It was a powerful feeling of becoming who I had always longed to be. I had this preconceived notion that the stereotypes and negativity around box braids, weaves, and fake hair being an unnatural aesthetic, somehow made Black women lesser. I think back to episodes of Real Housewives of Atlanta, where the show focused on "ratchet" Black women pulling on each other's weaves.
I didn't want to go to school and have assumptions made that I was like those women or have to field questions about the authenticity of my hair. I've come to realize that this stigma created by the media and broader culture was the main reason I was afraid to embrace my hair. However, once I was brave enough to put my braids in, I never wanted to take them out. I've since braided my hair on several occasions.
Falling in love with my hair & community
When the COVID-19 restrictions eased after the second wave, I sought out a Black-owned salon to continue my Black hair care, and the experience continues to be incredible for me.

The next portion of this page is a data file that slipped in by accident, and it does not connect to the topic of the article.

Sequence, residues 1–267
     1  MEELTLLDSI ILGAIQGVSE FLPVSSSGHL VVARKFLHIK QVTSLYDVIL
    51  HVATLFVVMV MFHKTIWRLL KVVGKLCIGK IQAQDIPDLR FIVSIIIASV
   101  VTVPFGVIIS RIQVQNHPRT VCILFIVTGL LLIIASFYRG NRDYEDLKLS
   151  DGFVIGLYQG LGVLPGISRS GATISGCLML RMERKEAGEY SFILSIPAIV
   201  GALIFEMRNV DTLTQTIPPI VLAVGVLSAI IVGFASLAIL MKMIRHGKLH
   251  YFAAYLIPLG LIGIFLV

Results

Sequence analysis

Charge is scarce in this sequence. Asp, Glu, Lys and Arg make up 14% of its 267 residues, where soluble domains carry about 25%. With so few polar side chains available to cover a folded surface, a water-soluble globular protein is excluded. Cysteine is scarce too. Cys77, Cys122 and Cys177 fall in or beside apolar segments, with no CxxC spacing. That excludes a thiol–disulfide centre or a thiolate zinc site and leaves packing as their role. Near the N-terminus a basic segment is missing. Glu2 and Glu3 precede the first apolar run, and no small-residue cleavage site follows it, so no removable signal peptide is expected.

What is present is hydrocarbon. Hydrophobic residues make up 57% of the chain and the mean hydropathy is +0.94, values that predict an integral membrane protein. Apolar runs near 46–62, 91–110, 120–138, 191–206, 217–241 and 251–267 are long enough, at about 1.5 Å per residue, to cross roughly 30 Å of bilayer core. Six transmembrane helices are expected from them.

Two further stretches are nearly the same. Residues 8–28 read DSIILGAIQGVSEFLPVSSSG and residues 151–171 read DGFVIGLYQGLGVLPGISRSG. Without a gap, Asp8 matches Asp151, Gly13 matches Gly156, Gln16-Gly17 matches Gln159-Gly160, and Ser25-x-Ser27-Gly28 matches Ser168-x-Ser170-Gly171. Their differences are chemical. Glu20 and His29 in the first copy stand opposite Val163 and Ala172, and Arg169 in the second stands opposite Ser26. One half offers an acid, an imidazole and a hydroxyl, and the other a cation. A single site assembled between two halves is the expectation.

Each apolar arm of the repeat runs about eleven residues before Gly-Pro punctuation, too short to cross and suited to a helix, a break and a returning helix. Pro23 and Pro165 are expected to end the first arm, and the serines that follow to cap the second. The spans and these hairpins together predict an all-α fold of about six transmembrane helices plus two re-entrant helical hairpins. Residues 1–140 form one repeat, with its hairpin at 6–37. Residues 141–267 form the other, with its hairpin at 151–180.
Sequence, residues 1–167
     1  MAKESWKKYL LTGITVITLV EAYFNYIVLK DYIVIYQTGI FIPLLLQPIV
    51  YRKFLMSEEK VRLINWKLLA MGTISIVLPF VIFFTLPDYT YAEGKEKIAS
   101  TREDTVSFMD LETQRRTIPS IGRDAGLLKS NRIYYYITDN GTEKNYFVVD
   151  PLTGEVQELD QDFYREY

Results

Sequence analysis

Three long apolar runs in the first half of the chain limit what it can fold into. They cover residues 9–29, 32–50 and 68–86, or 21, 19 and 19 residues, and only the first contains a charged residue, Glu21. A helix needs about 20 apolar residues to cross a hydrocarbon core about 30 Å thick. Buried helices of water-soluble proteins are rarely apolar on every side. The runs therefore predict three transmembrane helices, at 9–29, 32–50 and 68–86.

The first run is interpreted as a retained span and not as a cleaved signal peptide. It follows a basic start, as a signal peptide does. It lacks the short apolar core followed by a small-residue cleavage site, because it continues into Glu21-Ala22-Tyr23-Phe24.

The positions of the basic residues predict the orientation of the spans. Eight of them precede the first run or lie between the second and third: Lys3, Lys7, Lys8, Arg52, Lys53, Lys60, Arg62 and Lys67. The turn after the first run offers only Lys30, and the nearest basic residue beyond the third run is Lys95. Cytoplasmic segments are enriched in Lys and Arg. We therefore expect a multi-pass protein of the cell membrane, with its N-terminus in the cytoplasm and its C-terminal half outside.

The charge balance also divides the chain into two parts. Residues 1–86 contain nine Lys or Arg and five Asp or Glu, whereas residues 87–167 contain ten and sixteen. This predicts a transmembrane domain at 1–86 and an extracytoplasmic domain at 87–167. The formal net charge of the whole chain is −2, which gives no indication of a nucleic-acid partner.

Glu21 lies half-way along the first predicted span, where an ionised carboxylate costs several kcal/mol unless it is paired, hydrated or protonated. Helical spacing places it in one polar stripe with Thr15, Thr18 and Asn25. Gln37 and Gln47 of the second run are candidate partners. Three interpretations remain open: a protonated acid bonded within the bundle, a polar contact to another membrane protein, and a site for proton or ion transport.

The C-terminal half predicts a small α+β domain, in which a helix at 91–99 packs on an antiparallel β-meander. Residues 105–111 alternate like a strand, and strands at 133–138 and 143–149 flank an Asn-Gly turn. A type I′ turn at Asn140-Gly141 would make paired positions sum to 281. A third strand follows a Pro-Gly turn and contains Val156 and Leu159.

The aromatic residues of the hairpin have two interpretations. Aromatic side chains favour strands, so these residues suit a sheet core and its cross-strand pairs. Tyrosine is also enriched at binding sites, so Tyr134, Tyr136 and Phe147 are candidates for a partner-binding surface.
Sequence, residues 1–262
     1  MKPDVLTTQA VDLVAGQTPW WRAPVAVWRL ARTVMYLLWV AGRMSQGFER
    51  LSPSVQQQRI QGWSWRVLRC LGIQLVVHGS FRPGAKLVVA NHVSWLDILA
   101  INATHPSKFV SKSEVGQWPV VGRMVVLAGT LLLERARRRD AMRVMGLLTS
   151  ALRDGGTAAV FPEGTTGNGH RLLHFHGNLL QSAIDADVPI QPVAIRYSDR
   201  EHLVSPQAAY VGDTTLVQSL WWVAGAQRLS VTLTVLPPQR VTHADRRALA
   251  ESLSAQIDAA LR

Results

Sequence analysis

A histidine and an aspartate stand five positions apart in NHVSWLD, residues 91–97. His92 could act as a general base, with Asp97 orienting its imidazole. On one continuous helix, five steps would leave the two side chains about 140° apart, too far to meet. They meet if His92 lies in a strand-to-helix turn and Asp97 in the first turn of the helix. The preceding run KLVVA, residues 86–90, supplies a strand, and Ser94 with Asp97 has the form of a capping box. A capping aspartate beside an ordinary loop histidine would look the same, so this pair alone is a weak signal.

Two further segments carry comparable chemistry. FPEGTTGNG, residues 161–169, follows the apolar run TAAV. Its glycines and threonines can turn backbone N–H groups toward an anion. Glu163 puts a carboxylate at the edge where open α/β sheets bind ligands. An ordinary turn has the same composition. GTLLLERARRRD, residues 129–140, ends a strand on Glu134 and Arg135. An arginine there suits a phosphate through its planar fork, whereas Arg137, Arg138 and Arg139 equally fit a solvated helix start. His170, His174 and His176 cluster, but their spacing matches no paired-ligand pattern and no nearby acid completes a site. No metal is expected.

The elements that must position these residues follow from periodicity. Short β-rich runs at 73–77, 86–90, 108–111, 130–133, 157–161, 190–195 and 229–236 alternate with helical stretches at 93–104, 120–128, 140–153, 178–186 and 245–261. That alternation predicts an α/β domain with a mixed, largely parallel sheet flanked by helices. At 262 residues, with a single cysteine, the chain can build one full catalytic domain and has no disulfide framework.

I stepped into Clarisse's Hair Salon on Bloor and my eyes were opened to a new feeling of inclusion. Being with other Black people who spoke like me, had similar political interests and concerns as me, and were open to sharing their knowledge of products and items for my hair care journey was extremely rewarding. The energy was simply different, but in a good way.
That energy has followed me into several other Black-owned hair salons in Toronto, my favourites aside from Clarisse’s being Zoma Beauty Salon and Urban Curls. You can tell them I sent you and thank me later!
The level of acceptance, diversity and Black love for me and my hair in Toronto makes it impossible to ever want to go back to changing my appearance to fit into a predominantly white community or standard. In my adopted city, I finally feel heard and accepted for who I am. A big part of that profound sense of newfound pride in myself is connected to how I present myself to the outside world. Skilled, Black hair practitioners in Black-owned salons are as much a cornerstone of any Black community as the church, and are more than about looking good for me.
They have helped me achieve a level of self-acceptance and appreciation for my Black identity that I didn't have growing up, and have been crucial to my mental wellness and sense of self.